Maybe there’s another high school event somewhere in America that can match what the Erin Hills MACC Fund Invitational has done for charity, but you’d have to show me.
In 11 years under its current format, the boys’ golf tournament has raised more than $680,000 for the MACC Fund. On Saturday, the total is likely to top $750,000. Let that sink in for a few seconds. Three-quarters of a million dollars in 12 years.
If there’s a better story anywhere in golf this week, I don’t know what it is.
“I tell people, ‘Can you imagine this happening anywhere else in the country, in any sport?’” said Greg Budzien, the coach at Hartland Arrowhead High School, which hosts the tournament.
What started out as a dream by former Arrowhead coach Tom Tallmadge – the tournament originally was called the Lake Country Charity Invitational – has turned into an important fundraiser for the MACC Fund, which provides critical funding for childhood cancer and related blood disorder research.
The tournament epitomizes everything that’s good about golf. The competition is first-rate, with 36 teams battling for the title. Arrowhead, led by junior Piercen Hunt, a two-time WIAA Division 1 state champion and University of Illinois recruit, will be among the favorites.
But it’s bigger than scores and trophies. It’s about young men who are fortunate to be able to sling a golf bag over their shoulders and walk 18 holes helping peers struggling with cancer.
“There are a lot of kids who are at Children’s Hospital in a bed with chemo, with no hair or eyebrows, who would love to play in the cold, wet weather we have,” Budzien said. “They would trade situations in a heartbeat.”
The 36 coaches and 144 players embrace the charitable aspect, rounding up donations and pledges. Last week, after a rare late-April snowfall made courses unplayable, Budzien’s players put on their uniforms and went door-to-door in Hartland.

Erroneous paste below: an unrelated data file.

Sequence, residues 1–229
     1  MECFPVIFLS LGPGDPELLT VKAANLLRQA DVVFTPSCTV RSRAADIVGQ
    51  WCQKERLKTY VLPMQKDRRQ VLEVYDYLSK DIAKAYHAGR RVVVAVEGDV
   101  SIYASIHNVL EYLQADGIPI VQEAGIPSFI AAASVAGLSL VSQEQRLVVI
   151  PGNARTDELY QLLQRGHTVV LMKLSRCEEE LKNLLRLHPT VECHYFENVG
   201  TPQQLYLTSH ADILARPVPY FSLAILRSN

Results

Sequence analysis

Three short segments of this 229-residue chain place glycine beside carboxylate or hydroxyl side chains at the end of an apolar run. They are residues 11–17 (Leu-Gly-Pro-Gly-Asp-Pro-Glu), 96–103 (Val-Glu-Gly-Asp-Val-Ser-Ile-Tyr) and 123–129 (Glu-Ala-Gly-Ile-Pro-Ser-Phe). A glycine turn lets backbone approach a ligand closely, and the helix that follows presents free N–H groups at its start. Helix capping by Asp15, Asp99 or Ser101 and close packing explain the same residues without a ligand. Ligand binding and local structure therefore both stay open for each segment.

“I told them, ‘You know how greedy you were when you trick-or-treated as kids? Now we have to be greedy for others,’” the coach said. “We couldn’t play Sunday because of the snow, so it was a perfect day to be trick-or-treating for the MACC Fund kids.”
In yet another example of paying it forward, Erin Hills does not charge the high schools for the use of its course. The 2017 U.S. Open venue opens to the public Monday.
“(Owner) Andy Ziegler doesn’t need 144 golfers walking around his place on Saturday, and yet he does this,” Budzien said. “The course opens Monday and he always gives us the Saturday before the course opens. He’s like the nicest guy ever.”
The tournament’s mission especially resonates with Michael Bielawski, who as a junior at West Allis Hale won the individual title in 2002, before the tournament adopted its charitable format. Bielawski went on to recruit at the Lake Country Charity Invitational when he was the assistant golf coach at Marquette University.
Today, he is the MACC Fund’s development officer.
“I’m proud to say I do have the trophy on my mantle,” Bielawski said. “The amount that golf and the MACC Fund coincide is a fair amount and we’ve been lucky to benefit in various ways from golf. But this one in particular is pretty special.
“It’s a very neat thing we have going on and the kids get behind it.”
So, too, does five-time PGA Tour winner Mark Wilson. The Menomonee Falls native, a generous contributor to the MACC Fund, plays a round of golf each year with the teams that raise the most money.
“Mark is such a good man,” Budzien said. “Very generous in his own right.”
Though multiple teams raise $1,000 or more annually, Arrowhead typically leads the field.
“I’m not going to name names, but we have a $10,000 donor from the community, a $5,000 donor, a $3,000 donor,” Budzien said. “I’m so proud to be part of Hartland. It’s heart-land, just spelled different. We live in an affluent area, and people give.”
The Erin Hills MACC Fund Invitational begins with 8:30 a.m. preliminaries on the putting green, followed by a 9 a.m. shotgun start. The forecast for Saturday looks good, too, with temperatures in the mid-60s.
Spectators are welcome to attend free of charge. It’s a great opportunity to watch some of the best high school players in the state test themselves on a U.S. Open venue.
And while you’re out there, open your wallets and your hearts.